Episodes of lava effusion and explosions can occur without advance warning. Explosions from Mount Cleveland are normally short-duration and only present a hazard to aviation in the immediate vicinity of the volcano. Larger explosions that present a more widespread hazard to aviation are possible but are less likely and occur less frequently.
Cleveland volcano is currently monitored with a five-station real-time seismic network and three nearby web cameras. Based on past events, explosive eruptions of Cleveland may occur with little or no warning. Rapid detection of an ash-producing eruption may be possible using a combination of seismic, infrasound, web camera, lightning, and satellite data.
Seismic activity near Trident Volcano remained elevated over the past 24 hours. No volcanic activity or unrest was observed in clear satellite and web camera images over the past day.
The current period of seismic unrest began on August 24, 2022. Increases in seismic activity have been detected previously at Trident Volcano and other similar volcanoes and did not result in eruptions. We expect additional shallow seismicity and other signs of unrest, such as gas emissions, elevated surface temperatures, and ground movement, to precede any future eruption if one were to occur.
Trident Volcano is monitored by local seismic sensors, web cameras, regional infrasound and lightning networks, and satellite data.
Seismicity was low at Aniakchak volcano over the past day with 4 local earthquakes detected. No activity was observed in web camera images over the past 24 hours.
The current period of seismic unrest began in October 2022. Increases in seismic activity have been detected previously at other similar volcanoes, with no subsequent eruptions. We expect additional shallow seismicity and other signs of unrest, such as gas emissions, elevated surface temperatures, and additional surface deformation to precede any future eruption, if one were to occur.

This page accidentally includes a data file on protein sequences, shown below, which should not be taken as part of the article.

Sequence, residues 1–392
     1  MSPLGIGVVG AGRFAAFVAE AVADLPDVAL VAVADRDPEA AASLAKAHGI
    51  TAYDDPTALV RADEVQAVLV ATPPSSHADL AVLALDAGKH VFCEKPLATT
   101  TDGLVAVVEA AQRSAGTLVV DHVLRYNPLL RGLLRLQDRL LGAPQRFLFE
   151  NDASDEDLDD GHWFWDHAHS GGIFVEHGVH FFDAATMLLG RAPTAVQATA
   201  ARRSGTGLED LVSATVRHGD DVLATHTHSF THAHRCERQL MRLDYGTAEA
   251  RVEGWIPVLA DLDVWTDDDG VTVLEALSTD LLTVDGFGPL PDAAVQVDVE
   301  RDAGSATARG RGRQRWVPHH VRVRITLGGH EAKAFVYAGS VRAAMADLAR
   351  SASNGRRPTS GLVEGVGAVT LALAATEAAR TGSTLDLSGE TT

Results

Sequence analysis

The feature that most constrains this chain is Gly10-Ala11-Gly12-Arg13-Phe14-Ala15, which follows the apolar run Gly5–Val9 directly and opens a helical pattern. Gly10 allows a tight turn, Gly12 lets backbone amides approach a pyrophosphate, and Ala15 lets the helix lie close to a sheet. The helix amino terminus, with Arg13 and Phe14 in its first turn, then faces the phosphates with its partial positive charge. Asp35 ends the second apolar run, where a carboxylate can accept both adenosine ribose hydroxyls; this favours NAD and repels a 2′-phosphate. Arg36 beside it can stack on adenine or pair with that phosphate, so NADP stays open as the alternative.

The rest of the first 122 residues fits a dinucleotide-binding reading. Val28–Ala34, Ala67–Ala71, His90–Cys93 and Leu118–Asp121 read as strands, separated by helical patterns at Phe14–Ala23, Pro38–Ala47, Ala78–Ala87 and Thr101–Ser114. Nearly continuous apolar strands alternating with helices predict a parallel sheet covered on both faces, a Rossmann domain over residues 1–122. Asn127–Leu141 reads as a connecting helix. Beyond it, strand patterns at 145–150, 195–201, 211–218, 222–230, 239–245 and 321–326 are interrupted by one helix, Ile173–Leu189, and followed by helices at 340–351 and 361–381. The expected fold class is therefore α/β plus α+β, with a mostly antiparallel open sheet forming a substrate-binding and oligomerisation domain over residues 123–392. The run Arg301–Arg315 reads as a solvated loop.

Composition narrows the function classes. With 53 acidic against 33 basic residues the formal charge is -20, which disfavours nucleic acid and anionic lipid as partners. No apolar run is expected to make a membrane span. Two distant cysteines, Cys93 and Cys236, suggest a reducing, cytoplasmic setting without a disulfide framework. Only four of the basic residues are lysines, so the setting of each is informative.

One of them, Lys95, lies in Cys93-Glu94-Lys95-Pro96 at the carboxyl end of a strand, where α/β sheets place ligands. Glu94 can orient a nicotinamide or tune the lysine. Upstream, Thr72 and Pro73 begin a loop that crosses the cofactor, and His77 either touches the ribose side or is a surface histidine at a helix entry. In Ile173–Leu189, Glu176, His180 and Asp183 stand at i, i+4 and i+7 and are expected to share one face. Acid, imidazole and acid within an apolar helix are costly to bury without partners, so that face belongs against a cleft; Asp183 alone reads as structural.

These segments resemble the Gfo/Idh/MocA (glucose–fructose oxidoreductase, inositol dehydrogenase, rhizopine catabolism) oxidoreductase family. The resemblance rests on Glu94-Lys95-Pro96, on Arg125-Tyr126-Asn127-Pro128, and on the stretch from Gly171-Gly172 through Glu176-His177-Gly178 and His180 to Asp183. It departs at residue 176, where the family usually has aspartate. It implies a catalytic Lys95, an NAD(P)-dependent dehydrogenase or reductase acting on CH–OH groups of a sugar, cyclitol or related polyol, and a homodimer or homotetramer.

Aniakchak volcano is monitored by local seismic and infrasound sensors, web cameras, regional infrasound and lightning networks, and satellite data.
Six minor earthquakes were detected over the last day at Semisopochnoi Island. Clouds obscured all satellite and web camera images.
Small eruptions producing minor ash deposits within the vicinity of the active north crater of Mount Young and ash clouds usually under 10,000 ft. (3 km) above sea level have characterized recent periods of eruption since 2018. The last evidence of ash emission from the volcano was on May 5, 2023, and consisted of a minor dusting of ash on the northwest flank of the north crater of Mount Young. Additional ash-producing events could occur again with little or no warning.
Semisopochnoi volcano is monitored by local seismic and infrasound sensors, web cameras, regional infrasound and lightning networks, and satellite data.
Chris Waythomas, Acting Scientist-in-Charge, USGS, email@example.com, (907) 786-7497
David Fee, Coordinating Scientist, UAFGI, firstname.lastname@example.org, (907) 378-5460
The Alaska Volcano Observatory is a cooperative program of the U.S. Geological Survey, the University of Alaska Fairbanks Geophysical Institute, and the Alaska Division of Geological and Geophysical Surveys.